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Brain Injury

"Brain injury is not an event or an outcome. It is the start of a misdiagnosed, misunderstood, under-funded neurological disease."  Brain Injury Association of America


Traumatic Brain Injury

A traumatic brain injury (TBI) is defined as an alteration in brain function, or other evidence of brain pathology, caused by an external force (BIAA, 2021).

Frequent causes of TBI:



Workplace Injuries

Motor Vehicle Accidents

Shaken Baby Syndrome

Gunshot Wounds

Child Abuse

Domestic Violence

Sports/ Recreation

Non-Traumatic (Acquired) Brain Injury

A non-traumatic brain injury causes damage to the brain by internal factors, such as a lack of oxygen, exposure to toxins, pressure from a tumor, etc. (BIAA, 2021)

Frequent causes of non-traumatic brain injuries:​

Lack of Oxygen (Drowning, Choking, Hypoxic/Anoxic Injury)




Infectious Disease



Metabolic Disorders

Drug Overdose

Electric Shock

Neurotoxic Poisoning (Carbon Monoxide, Lead Exposure)

Subtypes of Brain Injuries

Diffuse Axonal Injury

A diffuse axonal injury can be caused by shaking or strong rotation of the head, as with shaken baby syndrome, or by rotational forces, such as with a car accident (BIAA).

Concussion/Mild Traumatic Brain Injury (mTBI)

A concussion can be caused by direct blows to the head, gunshot wounds, violent shaking of the head, or force from a whiplash-type injury. Both closed and open head injuries can produce a concussion. A concussion is the most common type of traumatic brain injury (BIAA).


A contusion is a bruise (bleeding) on the brain caused by a force (blow or jolt) to the head (BIAA).

Coup-Contrecoup Injury

Coup-contrecoup injury describes contusions that are both at the site of the impact and on the complete opposite side of the brain. This occurs when the force impacting the head is not only great enough to cause a contusion at the site of impact, but is also able to move the brain and cause it to slam into the opposite side of the skull (BIAA).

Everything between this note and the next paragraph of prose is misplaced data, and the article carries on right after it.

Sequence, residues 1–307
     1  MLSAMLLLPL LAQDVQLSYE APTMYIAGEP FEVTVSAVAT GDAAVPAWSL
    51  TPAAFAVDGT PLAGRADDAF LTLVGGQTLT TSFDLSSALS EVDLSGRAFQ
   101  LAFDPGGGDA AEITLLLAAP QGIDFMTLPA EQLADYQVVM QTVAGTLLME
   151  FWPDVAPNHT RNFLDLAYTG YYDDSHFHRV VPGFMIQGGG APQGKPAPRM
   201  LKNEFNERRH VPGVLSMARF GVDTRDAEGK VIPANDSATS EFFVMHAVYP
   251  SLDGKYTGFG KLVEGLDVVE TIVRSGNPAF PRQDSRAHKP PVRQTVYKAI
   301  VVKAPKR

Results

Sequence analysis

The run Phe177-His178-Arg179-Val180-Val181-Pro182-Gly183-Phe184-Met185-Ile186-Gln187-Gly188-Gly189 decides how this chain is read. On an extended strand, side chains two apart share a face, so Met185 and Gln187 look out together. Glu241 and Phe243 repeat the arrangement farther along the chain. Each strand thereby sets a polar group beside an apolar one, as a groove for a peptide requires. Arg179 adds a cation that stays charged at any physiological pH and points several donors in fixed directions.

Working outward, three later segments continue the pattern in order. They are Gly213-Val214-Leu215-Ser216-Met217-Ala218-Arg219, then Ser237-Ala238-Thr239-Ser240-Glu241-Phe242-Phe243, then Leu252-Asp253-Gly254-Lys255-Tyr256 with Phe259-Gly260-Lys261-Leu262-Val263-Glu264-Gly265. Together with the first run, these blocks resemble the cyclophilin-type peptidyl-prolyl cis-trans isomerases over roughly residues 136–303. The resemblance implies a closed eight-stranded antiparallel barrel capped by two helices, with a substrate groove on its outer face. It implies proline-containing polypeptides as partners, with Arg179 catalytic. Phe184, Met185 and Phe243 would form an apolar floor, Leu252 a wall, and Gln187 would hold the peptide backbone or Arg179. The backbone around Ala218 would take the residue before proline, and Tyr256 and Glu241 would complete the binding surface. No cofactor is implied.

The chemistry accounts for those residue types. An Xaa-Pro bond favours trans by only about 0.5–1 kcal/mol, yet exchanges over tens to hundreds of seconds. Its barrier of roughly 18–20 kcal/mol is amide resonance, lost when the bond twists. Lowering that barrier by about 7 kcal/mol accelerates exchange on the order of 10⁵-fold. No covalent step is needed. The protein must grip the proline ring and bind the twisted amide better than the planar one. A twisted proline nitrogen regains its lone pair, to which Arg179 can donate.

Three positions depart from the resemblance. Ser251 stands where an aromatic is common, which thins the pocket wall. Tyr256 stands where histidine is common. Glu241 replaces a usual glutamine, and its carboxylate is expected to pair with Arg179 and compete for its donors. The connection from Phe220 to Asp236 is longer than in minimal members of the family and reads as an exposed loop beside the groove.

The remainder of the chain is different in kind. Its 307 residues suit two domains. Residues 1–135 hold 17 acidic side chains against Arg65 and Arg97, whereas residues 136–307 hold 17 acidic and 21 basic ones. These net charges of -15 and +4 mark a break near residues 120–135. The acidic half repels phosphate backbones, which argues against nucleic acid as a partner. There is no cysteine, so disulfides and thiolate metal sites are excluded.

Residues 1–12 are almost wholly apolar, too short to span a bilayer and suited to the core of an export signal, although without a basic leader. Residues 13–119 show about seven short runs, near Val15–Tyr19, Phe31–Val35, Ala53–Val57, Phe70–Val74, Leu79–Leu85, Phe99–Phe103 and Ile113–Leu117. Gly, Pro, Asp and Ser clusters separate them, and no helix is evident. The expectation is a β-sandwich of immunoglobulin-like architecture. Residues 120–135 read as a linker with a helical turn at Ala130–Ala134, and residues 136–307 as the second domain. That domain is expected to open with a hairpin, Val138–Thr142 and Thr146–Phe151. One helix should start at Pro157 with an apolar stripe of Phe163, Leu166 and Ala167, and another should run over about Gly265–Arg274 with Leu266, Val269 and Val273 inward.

Second Impact Syndrome

Second impact syndrome, also termed “recurrent traumatic brain injury,” can occur when a person sustains a second traumatic brain injury before the symptoms of the first traumatic brain injury have healed. The second injury may occur from days to weeks following the first. Loss of consciousness is not required. The second impact is more likely to cause brain swelling and widespread damage (BIAA).

Penetrating Injury

Penetrating injury to the brain occurs from the impact of a bullet, knife, or other sharp object that forces hair, skin, bone, and fragments from the object into the brain (BIAA).

Abusive Head Trauma (Shaken Baby Syndrome)

Abusive head trauma, also known as shaken baby syndrome, is a violent criminal act that causes traumatic brain injury. Abusive head trauma occurs when the perpetrator aggressively shakes a baby or young child. The forceful whiplash-like motion causes the brain to be injured (BIAA).

Locked-in Syndrome

Locked-in syndrome is a rare neurological condition in which a person cannot physically move any part of their body aside from their eyes (BIAA).

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